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The Orthodox Archipelago [ECUSA/Anglican]
Southern Anglican ^ | 7/12/2005 | Greg Griffith

Posted on 07/12/2005 12:17:19 PM PDT by sionnsar

The questions raised by Bishop Lipscomb's remarks about the fundamental nature of ECUSA are the stuff of parlor conversation now, but as this crisis develops internationally, and as battle lines are drawn in America, these questions will take on increasingly concrete importance. A glance at a map of the southern United States reveals a growing archipelago of orthodox dioceses that appear resolved to remain in communion with Canterbury no matter what Frank Griswold & Company do: South Carolina, Central Florida, Southwest Florida, Western Louisiana, and Fort Worth, to name a few.

+Curry (North Carolina), +Parsley (Alabama), +Gray (Mississippi), +Johnson (West Tennessee) and +Jenkins (Louisiana) have all given every indication that they will remain loyal to 815 no matter what becomes of its membership in the Anglican Communion. And while orthodox Episcopalians landlocked between revisionist dioceses (all of Alabama and most of Mississippi come to mind) may find themselves in a bad spot, things could get very interesting near the borders of those dioceses whose bishops are Communion loyalists.

A 30-year migration pattern, reinforced by the last 3 years, implies that the flow of parishioners following a split will be from liberal churches to conservative churches, not the other way around. With the finality of a formal split of ECUSA - when orthodox Episcopalians no longer have any reason to wonder which decision their dioceses will make - it thus stand to reason that along the border of +Jenkins' Louisiana and +McPherson's Western Louisiana; +Henderson's Upper South Carolina and +Salmon's South Carolina; and the three dioceses that border Central Florida, we can expect to see parishioners who don't mind driving an extra few minutes moving their memberships to parishes in those orthodox dioceses. Episcopal dioceses being defined by geography, we may also see plenty of action along these borders as orthodox parishes apply for alternative oversight by - or outright membership in - neighboring orthodox dioceses.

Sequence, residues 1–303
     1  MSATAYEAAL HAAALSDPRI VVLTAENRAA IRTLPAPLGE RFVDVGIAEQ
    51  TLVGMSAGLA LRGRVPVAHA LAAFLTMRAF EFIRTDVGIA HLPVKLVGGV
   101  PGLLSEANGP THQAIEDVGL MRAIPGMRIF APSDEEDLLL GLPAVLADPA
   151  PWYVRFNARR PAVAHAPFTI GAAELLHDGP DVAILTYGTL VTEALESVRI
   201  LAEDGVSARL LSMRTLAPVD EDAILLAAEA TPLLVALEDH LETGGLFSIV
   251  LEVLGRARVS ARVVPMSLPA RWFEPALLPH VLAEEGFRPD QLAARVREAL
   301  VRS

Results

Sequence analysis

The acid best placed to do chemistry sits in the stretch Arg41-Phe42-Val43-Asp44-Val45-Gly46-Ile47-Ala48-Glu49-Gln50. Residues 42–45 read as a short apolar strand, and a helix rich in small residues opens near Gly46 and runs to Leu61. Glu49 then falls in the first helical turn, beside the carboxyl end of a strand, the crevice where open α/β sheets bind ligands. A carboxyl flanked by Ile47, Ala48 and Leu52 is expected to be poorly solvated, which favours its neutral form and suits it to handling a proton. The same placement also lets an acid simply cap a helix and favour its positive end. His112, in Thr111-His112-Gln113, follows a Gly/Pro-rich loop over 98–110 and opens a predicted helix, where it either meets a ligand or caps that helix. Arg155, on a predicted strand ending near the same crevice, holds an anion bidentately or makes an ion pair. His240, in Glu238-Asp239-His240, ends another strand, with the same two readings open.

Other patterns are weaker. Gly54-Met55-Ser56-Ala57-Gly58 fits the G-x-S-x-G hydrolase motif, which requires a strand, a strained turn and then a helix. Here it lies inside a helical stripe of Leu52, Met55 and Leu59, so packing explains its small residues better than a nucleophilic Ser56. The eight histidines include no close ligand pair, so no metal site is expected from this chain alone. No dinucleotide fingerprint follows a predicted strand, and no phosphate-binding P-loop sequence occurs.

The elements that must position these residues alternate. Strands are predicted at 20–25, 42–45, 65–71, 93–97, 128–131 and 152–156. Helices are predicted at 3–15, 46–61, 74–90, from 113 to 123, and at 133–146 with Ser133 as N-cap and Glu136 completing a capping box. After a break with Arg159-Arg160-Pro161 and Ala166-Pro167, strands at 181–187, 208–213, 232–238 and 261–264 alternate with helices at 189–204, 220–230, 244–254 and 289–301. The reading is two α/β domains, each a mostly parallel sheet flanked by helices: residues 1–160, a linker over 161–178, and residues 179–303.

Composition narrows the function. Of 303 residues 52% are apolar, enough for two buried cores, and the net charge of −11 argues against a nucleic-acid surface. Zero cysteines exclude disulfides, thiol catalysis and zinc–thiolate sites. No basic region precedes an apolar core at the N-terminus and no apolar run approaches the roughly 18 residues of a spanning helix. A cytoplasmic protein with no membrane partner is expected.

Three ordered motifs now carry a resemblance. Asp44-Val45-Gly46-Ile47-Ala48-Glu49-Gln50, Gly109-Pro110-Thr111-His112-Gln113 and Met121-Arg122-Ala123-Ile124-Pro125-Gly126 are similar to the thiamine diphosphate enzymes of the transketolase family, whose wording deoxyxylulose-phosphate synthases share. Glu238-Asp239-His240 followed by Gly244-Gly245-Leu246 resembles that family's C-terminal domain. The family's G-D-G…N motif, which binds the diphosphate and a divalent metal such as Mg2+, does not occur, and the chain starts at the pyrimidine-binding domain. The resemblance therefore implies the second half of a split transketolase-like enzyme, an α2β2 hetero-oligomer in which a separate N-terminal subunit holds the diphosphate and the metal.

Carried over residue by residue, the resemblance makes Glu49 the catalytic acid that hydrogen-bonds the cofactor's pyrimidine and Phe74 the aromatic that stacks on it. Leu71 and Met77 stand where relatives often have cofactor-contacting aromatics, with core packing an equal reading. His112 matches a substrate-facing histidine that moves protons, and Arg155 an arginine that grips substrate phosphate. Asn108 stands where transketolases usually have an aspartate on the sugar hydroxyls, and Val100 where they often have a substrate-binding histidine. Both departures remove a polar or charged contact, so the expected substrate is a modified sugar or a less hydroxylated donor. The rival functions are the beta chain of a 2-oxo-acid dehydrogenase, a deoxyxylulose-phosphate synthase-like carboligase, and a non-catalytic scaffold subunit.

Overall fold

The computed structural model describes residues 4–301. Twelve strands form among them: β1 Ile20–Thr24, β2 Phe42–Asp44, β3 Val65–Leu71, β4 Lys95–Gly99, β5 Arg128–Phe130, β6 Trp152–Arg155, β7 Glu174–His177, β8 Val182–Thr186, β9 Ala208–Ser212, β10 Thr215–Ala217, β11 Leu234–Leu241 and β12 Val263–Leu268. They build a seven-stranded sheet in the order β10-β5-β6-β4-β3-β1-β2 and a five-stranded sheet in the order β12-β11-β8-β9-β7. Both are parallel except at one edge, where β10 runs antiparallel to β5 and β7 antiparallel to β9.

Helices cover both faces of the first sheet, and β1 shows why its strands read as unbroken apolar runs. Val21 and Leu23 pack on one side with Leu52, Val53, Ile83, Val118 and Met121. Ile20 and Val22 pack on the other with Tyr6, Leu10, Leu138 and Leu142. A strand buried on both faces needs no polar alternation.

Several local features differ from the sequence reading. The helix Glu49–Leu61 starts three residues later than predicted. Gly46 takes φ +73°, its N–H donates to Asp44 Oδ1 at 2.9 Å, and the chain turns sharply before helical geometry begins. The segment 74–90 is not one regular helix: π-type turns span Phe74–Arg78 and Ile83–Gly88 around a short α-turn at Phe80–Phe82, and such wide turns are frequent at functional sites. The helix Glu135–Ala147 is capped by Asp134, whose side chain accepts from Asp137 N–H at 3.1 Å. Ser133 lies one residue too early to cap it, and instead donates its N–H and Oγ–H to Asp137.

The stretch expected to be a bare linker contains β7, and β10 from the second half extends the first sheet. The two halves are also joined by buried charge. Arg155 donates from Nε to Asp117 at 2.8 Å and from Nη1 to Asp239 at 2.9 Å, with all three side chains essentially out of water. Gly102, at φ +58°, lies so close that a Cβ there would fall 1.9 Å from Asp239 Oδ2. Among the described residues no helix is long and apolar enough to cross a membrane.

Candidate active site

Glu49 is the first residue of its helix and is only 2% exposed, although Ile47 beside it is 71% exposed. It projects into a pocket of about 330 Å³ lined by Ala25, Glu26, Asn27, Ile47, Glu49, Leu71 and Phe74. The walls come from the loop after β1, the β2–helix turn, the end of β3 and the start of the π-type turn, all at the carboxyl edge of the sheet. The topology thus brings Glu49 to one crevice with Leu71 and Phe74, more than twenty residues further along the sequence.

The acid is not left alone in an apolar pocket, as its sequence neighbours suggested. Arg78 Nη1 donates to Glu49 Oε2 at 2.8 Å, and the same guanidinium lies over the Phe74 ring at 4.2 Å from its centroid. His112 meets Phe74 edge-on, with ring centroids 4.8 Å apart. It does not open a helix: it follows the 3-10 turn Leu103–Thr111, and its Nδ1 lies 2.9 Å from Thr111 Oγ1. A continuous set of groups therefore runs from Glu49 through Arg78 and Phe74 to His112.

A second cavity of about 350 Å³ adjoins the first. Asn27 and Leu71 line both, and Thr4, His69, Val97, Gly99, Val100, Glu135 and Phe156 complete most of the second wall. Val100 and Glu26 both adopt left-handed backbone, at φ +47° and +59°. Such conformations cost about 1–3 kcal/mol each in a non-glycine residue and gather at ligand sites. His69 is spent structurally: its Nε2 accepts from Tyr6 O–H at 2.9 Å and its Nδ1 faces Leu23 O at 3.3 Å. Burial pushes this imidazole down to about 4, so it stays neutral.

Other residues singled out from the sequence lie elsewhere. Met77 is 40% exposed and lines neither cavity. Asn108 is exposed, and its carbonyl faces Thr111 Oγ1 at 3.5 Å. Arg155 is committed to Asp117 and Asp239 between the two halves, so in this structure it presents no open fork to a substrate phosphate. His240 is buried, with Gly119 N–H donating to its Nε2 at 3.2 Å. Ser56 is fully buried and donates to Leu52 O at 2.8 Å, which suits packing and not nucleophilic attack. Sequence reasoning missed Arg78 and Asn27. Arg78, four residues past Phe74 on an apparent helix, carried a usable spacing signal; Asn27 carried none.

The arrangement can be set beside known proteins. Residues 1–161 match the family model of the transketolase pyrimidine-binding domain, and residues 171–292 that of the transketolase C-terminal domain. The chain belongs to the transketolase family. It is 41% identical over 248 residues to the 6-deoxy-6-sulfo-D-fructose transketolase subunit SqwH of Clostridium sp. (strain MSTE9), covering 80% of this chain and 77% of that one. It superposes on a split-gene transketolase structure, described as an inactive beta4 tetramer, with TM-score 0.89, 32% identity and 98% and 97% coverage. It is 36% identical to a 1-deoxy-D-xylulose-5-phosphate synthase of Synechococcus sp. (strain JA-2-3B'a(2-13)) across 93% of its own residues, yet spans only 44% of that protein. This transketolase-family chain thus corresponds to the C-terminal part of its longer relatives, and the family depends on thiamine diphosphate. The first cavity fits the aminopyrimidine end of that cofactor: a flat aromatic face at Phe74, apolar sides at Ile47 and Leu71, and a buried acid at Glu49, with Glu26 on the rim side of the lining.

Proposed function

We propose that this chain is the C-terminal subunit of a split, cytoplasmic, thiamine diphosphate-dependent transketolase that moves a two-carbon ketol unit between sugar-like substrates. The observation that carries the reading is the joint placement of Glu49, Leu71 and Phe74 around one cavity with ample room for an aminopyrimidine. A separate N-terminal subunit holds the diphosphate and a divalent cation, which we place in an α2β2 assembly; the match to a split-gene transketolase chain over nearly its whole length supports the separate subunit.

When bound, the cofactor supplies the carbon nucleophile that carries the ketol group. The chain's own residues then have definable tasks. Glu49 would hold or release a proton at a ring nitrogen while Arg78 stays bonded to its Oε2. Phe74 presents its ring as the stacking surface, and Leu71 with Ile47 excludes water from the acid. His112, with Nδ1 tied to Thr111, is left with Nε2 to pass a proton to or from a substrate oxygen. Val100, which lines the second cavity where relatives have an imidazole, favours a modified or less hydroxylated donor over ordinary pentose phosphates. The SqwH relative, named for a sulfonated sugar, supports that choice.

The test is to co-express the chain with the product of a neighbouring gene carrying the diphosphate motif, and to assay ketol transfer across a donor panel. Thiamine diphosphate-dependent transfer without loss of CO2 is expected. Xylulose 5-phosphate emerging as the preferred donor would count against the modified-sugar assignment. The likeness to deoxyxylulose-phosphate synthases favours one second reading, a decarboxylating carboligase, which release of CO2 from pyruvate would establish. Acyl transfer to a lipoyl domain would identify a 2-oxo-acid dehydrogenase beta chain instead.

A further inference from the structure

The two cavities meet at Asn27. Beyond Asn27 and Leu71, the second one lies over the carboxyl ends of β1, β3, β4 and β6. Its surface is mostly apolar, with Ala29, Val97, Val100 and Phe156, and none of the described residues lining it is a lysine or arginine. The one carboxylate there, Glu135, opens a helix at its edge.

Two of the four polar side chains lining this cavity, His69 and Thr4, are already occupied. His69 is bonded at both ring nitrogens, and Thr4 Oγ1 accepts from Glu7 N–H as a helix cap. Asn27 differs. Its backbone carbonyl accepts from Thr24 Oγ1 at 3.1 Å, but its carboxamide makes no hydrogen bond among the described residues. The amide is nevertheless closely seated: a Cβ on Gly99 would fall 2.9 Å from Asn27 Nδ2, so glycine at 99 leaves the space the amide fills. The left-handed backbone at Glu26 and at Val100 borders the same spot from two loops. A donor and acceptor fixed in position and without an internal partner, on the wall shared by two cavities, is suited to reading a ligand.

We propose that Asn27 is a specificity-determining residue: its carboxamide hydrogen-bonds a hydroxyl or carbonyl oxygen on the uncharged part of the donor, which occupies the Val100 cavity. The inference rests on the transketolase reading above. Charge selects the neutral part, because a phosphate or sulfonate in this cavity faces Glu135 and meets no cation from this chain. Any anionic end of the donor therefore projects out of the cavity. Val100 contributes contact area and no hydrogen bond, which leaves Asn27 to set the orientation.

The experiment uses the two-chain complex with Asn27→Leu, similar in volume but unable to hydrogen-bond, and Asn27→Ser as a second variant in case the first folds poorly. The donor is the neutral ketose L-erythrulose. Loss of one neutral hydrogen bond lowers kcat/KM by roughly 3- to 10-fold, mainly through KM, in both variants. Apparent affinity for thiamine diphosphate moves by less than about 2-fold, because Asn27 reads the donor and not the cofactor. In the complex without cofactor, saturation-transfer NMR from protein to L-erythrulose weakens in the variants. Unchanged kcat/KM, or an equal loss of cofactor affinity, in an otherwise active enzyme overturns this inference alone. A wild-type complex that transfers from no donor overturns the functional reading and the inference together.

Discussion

In places like cash-strapped Louisiana, where Bishop Jenkins has begged for money "on bended knee", a significant outflow of parishioners could very well doom the diocese to bankruptcy, or force it to sell significant amounts of its property in order to remain liquid.

When dioceses start closing and selling off parishes, diocesan retreats

and such, the task of attracting new members - difficult enough in the best of time - becomes almost impossible. When simply paying bills is a struggle, growth becomes a luxury that sooner or later must suffer.

The question then is what kind of pressure, if any, will be felt in the diocesan offices of revisionist holdouts. For those orthodox parishioners in Louisiana, Florida, and Upper South Carolina, border skirmishes may offer the promise of deliverance from apostate churches. But in Mississippi, Alabama, and West Tennesse, the challenges could be stiffer. In Jackson, Mississippi, there are already three non-ECUSA Anglican churches (one AMiA, one REC, and one under Kenyan oversight), but each one has been born amidst tumult, and each continues in its own unique struggles. However, there is an unmistakable camaraderie among them, and a sense of energy and life not found in their ECUSA counterparts. These and other, as-yet-unformed, churches could benefit greatly from the coming ECUSA split.

What will do them no good - and the revisionists know it - is a slow-motion disintegration of the Episcopal Church, where the reaction of most orthodox members isn't to move, en masse, to other Anglican parishes that fit their worship style; but to trickle away, two here and three there, to Baptist, Methodist, Presbyterian, and Roman Catholic churches. But as long as there is no clear resolution to the Anglican crisis - and it looks like that could be a long, long time - the more likely that is exactly what will happen.